What Ought to Be?

    -rightness, fairness, or the justice of a decision

    -often viewed in terms of what management should do in an ethical sense in a given situation

    How Do We Get from What Is to What Ought To Be?

    -bridging the gap between where we are and where we should be

    -we may find that from a practical point of view, we cant achieve the goals

    -managerial decision making and strategy come into play

    -identify the problem, identify where we want to be, and then closing the gap

    What is Our Motivation?

    -sometimes it reveals some manipulative or self-centred move

  • Three Models of Management Ethics

    Immoral Management

    Defn- holds that managements motives are selfish and it cares only about its own, or the cos gains

    -managements goals are profitability and organizational success at any price

    -regards legal standards as barriers that management must avoid to accomplish what it wants

    Moral Management

    Defn- conforms to the highest standards of ethical behaviour

    -strive sot be ethical in terms of professional standards of conduct, motives, goals

    -aspires to succeed, but only within the confines of sound ethical precepts

    -fairness, justice, respect for rights

    -moral management pursues its objectives of profitability, legality, and ethics as required and desirable

    -the law is viewed as a minimal standard of ethical behaviour, because moral management strives to

    operate above the law

    Operating Strategy of Moral Management

    -live by sound ethical standards

    -will the action be fair to all stakeholders as well as to the organization

    Integrity Strategy- ethics as the driving force of an organization

    -provides a common frame to unify diff functions, lines of business, employee groups

    -helps define what an org is and what it stands for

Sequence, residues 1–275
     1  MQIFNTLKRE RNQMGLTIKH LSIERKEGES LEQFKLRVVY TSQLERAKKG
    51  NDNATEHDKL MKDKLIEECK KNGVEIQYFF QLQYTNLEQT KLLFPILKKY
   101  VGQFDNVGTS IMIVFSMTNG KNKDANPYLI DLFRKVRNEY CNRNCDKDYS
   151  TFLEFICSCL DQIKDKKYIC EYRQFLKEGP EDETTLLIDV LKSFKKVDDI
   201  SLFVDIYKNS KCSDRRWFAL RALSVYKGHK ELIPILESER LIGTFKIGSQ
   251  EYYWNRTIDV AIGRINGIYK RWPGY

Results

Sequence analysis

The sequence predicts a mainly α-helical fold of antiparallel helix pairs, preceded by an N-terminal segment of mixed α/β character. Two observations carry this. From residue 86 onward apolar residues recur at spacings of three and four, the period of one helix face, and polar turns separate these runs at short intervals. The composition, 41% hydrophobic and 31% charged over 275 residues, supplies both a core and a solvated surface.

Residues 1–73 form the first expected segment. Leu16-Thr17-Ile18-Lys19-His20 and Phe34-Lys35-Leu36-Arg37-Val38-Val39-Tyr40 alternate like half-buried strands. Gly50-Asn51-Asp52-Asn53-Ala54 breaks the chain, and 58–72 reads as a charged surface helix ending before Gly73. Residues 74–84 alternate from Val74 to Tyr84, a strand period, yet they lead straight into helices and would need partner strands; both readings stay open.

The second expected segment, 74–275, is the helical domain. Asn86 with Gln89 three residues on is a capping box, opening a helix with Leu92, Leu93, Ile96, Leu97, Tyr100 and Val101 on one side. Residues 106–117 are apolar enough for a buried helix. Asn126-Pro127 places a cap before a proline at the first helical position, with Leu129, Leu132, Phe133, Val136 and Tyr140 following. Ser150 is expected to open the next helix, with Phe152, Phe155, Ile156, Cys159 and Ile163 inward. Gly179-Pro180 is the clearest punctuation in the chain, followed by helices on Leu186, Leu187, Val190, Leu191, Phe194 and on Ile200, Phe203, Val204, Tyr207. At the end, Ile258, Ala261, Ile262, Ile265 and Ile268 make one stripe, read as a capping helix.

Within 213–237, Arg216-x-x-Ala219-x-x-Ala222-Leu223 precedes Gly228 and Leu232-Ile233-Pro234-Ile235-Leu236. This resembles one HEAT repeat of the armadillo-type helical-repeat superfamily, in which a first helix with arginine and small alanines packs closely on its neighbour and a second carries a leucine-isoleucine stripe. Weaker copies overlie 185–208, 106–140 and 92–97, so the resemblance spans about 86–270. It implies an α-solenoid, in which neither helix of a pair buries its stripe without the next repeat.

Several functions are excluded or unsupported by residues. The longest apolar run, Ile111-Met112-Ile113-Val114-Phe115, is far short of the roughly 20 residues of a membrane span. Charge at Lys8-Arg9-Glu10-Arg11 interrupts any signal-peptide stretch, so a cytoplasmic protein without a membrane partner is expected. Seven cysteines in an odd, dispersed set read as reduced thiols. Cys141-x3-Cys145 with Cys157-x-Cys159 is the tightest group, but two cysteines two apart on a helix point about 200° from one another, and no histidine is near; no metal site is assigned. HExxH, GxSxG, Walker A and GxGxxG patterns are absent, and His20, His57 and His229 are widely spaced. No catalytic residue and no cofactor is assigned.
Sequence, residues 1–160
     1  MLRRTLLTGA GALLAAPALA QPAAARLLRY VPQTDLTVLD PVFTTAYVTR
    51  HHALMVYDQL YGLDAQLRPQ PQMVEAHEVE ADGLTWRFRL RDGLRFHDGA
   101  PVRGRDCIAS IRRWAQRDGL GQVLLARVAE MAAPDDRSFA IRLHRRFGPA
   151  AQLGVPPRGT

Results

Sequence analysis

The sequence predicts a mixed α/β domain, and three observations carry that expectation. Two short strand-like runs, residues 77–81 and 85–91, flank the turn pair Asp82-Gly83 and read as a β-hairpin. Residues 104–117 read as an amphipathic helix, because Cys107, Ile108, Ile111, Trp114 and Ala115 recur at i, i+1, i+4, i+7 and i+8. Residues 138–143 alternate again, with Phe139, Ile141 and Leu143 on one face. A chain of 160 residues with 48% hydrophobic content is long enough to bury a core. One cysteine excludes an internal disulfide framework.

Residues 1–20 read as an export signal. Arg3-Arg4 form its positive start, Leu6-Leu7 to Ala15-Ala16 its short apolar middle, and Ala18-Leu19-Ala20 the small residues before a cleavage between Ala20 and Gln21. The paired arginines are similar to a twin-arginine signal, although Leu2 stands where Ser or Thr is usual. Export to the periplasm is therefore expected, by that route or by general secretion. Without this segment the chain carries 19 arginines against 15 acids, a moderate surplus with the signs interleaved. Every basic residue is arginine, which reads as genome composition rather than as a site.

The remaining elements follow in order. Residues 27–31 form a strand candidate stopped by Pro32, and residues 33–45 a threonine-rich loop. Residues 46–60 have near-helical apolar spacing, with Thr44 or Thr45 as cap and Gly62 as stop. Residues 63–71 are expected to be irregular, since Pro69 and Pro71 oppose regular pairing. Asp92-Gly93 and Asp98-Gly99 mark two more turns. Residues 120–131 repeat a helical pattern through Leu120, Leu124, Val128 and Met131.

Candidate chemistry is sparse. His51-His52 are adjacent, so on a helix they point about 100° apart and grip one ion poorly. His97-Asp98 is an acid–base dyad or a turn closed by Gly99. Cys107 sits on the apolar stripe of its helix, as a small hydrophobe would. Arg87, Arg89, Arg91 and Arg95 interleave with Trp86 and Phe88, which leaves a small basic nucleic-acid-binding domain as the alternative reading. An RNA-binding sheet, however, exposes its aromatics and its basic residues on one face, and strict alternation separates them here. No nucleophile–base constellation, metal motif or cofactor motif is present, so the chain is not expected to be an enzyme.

-moral leadership is also related to moral management

    -they have a passion to do right, be morally proactive, consider all stakeholders

    -strong ethical character

    -obsession with fairness

    -undertake decision making

    -not all orgs in moral management have done so all along though

    -the companies arrive at this position as lawsuits/gov regulations rise, consumers expect more

    Amoral Management

    -is not just the middle position between immoral and moral management;

    Intentional amoral management- managers do not factor ethical considerations into their decisions

    -neither moral nor immoral

    Unintentional amoral management- managers dont think about business activity in ethical terms

    -are inattentive that their decisions may have negative effects on others

    -managers are well intentioned but are too insensitive to consider the effects of their behaviour

    on others

    Operating Strategy of Amoral

    -permit free rein within the unspoken but understood tenets of the free enterprise system

    -key question is can we make money with this action

    Compliance strategy- focused on obedience to the law as its driving force

    -oriented toward compliance with regulatory and criminal law

    *Fig 6.7 for summary of moral, immoral, amoral

  • Two Hypotheses Regarding the Moral Management Models

    Population hypothesisdistribution of the three models might approximate a normal curve

    -amoral in the middle, other two on ends

    Individual hypothesisthe three models may operate at various times and under diff circumstances

    Eg. The avg manager may be amoral most of the time, but be moral/immoral for 1 circumstance

    Amoral Management as a Serious Organizational Problem

    -managers driven by the profitability ethos regards economic success as the exclusive barometer of

    organizational and personal achievement

    Making Moral Management Actionable

    -senior management should lead the transition from amoral to moral management by business ethics